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Appeals court weighs entrapment defense in bomb plot case

By Basil Katz

NEW YORK (Reuters) - An appeals court on Monday questioned whether the federal government had overstepped its bounds in a sting operation against four men who were convicted of placing what they thought were bombs at New York synagogues.

The four, arrested in an FBI sting operation in May 2009, were sentenced in June 2011 to mandatory minimum terms of 25 years in prison. A Manhattan federal court jury found them guilty after a two-month trial in 2010.

The case against the "Newburgh Four," named after their hometown of Newburgh, north of New York City, was announced by U.S. authorities with much fanfare.

It has since become a poster case for critics of government sting operations who say the tactics can lead to the illegal entrapment of defendants. The U.S. Justice Department counters that such investigations have strict guidelines and that they are an essential tactic to combat terrorism.

Defense lawyers have asked the 2nd U.S. Circuit Court of Appeals in New York to throw out the convictions of the four defendants. At Monday's two-hour hearing, a three-judge panel peppered defense attorneys and the government with questions.

Chief Judge Dennis Jacobs asked prosecutor Adam Hickey if he knew of another case where the government's role in "creating, animating the offense was so all encompassing?"

"What distinguishes this case is not so much the government's involvement, it's the gravity of the conduct," Hickey responded.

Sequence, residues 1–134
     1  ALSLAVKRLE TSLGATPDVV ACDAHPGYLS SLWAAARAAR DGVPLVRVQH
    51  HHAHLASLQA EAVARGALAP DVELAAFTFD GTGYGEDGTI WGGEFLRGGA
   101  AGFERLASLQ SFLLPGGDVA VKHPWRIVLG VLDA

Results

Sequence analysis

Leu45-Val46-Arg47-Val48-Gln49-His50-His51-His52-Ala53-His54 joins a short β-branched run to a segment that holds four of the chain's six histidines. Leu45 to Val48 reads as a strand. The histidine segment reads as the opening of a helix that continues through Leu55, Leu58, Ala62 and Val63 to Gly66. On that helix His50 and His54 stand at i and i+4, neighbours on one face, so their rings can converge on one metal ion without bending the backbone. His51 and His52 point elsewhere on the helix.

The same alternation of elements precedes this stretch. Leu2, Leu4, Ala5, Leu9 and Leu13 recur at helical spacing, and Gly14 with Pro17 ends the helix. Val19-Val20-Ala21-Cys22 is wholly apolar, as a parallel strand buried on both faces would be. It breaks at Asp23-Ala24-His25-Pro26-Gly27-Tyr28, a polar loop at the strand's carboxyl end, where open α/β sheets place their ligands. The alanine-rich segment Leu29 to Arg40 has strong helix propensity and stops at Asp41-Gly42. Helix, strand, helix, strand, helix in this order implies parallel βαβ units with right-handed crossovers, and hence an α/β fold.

Lawyers for the four defendants argued that their clients were entrapped and their due process rights were violated.

"The case was not so much about terrorism but about the power of the government to use a corrupt informant to entrap U.S. citizens in a crime they never would have or could have committed," said Clinton Calhoun, who represents James Cromitie, 46, the main defendant in the case.

The defense lawyers said their clients were badgered into committing to the bogus plot by a confidential informant, Shahed Hussain, who posed as an Islamist militant.

"James Cromitie indicated that he was trying to be a good Muslim ... and it is Hussain who is forcing him to action," Calhoun told the judges.

Hussain, a Pakistani motel owner, had participated in other FBI investigations in the past. Cromitie was a low-level drug offender who had a night-time job restocking shelves at a Walmart, according to court documents.

Defense lawyers said Hussain manipulated Cromitie's affection for him and encouraged Cromitie to carry out a conspiracy to bomb synagogues and to shoot down military planes at an Air National Guard base in Newburgh, New York, with Stinger surface-to-air missiles.

Judge Reena Raggi appeared unconvinced that Cromitie's due process rights had been violated, saying poor and uneducated people were sometimes recruited by Islamist militants to commit violent acts thanks to misleading religious ideas and promises of wealth.

"I'm not sure this rises to the level of outrageous government misconduct," she said.

The other defendants are David Williams, 31, Onta Williams, 36, and Laguerre Payen, 31.

The appeals court said it would issue a decision at a later date.

The case is US v. James Cromitie et al., U.S. Court of Appeals for the 2nd Circuit, No. 11-2763.

(Reporting by Basil Katz; Editing by Jim Loney)

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